Some buzzwords just seem to exist to wind me up. So I thought I'd write a blog about it.

Something that sprung up in the office recently was the term ‘on-premise’. Right-minded, normal human beings would hear this term and think “huh?” The correct term is, of course, on-premises, with ‘on-premise’ making absolutely no sense at all to anyone with even half a brain. But it has become so depressingly entrenched in the vocabulary of industry players that even people who know better are using this nonsensical term. Why should this be so?

Idiocracy

It only takes a small group of people to start making a mistake like ‘on-premise’ and before you know it, everyone’s saying it. But why? The first time I heard someone say it, I corrected them. Not because I’m a Grammar Nazi (though I suppose I should confess that I am), but because I didn’t want them to go around saying it and appearing stupid when a quick friendly word from me would set them straight and save them further embarrassment. I don’t know why other people wouldn’t do this. Maybe they don’t care about saving other people from embarrassment, maybe they don’t realise ‘on-premise’ makes absolutely no sense, maybe they don’t hear the difference. It’s probably all three. If someone thinks something is a new buzzword, they’ll latch on to it. That’s just human nature – it doesn’t matter if you’re in the playground or the boardroom.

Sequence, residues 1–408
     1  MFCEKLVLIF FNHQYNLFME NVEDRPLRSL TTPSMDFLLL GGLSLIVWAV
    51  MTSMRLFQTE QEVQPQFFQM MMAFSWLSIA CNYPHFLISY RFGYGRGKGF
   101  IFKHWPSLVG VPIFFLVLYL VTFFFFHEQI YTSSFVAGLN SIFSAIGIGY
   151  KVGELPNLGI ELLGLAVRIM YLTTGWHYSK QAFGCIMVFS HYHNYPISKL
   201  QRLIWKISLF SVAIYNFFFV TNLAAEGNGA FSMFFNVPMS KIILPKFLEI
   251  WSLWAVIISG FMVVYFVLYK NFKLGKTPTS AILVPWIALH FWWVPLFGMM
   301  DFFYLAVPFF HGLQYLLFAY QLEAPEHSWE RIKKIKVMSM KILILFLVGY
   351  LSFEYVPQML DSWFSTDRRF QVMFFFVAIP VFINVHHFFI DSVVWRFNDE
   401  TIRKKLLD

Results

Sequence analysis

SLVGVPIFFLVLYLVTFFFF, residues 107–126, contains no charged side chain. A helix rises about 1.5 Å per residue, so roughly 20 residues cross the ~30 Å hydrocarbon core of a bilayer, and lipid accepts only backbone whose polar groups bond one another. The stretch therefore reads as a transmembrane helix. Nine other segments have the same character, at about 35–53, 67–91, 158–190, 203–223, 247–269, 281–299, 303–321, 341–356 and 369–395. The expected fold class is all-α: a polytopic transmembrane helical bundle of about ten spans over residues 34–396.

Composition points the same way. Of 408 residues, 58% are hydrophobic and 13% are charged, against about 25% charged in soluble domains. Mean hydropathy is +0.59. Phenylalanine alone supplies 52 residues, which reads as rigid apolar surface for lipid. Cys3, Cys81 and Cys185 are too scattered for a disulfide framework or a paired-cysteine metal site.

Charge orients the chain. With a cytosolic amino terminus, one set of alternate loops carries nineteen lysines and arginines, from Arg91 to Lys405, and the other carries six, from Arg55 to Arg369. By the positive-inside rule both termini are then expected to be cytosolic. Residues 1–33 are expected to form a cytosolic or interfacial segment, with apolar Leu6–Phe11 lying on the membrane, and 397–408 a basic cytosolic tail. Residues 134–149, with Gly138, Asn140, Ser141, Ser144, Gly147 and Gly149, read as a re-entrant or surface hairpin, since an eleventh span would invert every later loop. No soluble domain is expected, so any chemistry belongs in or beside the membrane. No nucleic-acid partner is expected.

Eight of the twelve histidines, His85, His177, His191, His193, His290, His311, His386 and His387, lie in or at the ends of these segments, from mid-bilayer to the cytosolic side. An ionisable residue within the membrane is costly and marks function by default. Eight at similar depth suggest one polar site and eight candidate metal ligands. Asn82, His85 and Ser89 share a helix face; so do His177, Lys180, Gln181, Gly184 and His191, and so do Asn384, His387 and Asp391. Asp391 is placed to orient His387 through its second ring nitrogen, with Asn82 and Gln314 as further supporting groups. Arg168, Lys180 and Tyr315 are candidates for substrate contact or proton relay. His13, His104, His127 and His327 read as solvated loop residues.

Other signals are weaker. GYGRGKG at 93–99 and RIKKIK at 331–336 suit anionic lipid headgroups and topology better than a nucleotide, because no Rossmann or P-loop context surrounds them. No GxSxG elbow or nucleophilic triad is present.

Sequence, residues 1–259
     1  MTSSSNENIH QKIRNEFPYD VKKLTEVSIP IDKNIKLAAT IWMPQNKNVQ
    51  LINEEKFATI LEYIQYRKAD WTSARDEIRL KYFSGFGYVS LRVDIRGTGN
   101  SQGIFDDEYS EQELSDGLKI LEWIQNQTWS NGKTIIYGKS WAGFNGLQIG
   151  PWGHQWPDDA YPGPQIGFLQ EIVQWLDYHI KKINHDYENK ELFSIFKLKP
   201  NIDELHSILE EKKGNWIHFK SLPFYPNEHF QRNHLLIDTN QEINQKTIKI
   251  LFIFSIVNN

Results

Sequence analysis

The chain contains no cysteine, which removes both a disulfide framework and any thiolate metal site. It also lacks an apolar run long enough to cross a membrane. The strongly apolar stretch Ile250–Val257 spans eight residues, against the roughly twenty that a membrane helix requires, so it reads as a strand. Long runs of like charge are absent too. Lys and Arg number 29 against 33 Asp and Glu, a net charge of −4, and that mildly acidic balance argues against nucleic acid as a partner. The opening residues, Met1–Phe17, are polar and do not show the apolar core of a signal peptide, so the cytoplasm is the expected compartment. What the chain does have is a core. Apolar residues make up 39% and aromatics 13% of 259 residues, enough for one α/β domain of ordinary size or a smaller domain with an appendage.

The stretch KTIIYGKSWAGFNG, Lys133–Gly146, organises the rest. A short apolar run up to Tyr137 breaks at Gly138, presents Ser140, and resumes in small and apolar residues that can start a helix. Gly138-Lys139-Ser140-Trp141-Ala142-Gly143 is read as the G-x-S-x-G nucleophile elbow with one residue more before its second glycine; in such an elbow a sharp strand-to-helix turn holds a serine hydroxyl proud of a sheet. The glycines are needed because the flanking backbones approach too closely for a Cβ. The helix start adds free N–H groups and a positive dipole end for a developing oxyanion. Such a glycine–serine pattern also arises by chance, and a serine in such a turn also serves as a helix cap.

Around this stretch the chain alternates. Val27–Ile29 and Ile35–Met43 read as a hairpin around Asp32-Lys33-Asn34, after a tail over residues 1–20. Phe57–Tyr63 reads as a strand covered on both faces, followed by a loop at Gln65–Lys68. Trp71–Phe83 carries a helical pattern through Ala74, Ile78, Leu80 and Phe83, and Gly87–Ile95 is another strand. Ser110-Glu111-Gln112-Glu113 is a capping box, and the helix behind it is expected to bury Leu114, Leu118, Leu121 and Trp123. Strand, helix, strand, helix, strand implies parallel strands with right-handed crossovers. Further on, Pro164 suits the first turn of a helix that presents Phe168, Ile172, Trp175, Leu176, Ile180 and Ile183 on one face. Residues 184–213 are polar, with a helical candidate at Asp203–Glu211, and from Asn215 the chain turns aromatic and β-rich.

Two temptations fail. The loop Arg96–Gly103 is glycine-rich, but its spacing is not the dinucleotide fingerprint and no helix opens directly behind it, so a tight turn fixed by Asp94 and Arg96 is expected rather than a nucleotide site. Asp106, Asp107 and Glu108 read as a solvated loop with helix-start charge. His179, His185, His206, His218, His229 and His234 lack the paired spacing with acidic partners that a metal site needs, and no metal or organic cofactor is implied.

Buzzwords and beyond

Every day I get floods of emails asking if I’d like to ‘reach out’ to more people, create more ‘touchpoints’ or find out more about ‘datafication’. ‘Cloud’ as a term seems to have settled down into a predictable set of meanings, but you’ll still hear it thrown in to very bizarre contexts. Sheeple seem to think that by stuffing these quasi-meaningless words into an email mean they sound like they’re industry veterans. Shame on the rest of us for letting them get away with it. I also suspect there’s a certain amount of ‘if you can’t beat them, join them.’

Getting back to the title: will buzzwords be the end of communication? Of course not: I was parodying the buzzfeed-esque “You won’t BELIEVE what happened next!” titles we see spewed everywhere as clickbait. Ooh, I just used a buzzword: ‘clickbait’, but it had meaning, purpose and wasn’t a senseless corruption of something else. So buzzwords in fact do have their place and when used correctly can actually enhance the way we communicate.

Do you English well?

Since we’re on the subject of English, someone posted something amusing last night and I thought I’d share it here. It’s a collection of funny comments that perfectly demonstrate the horrors/beauties (delete as appropriate) of the English language.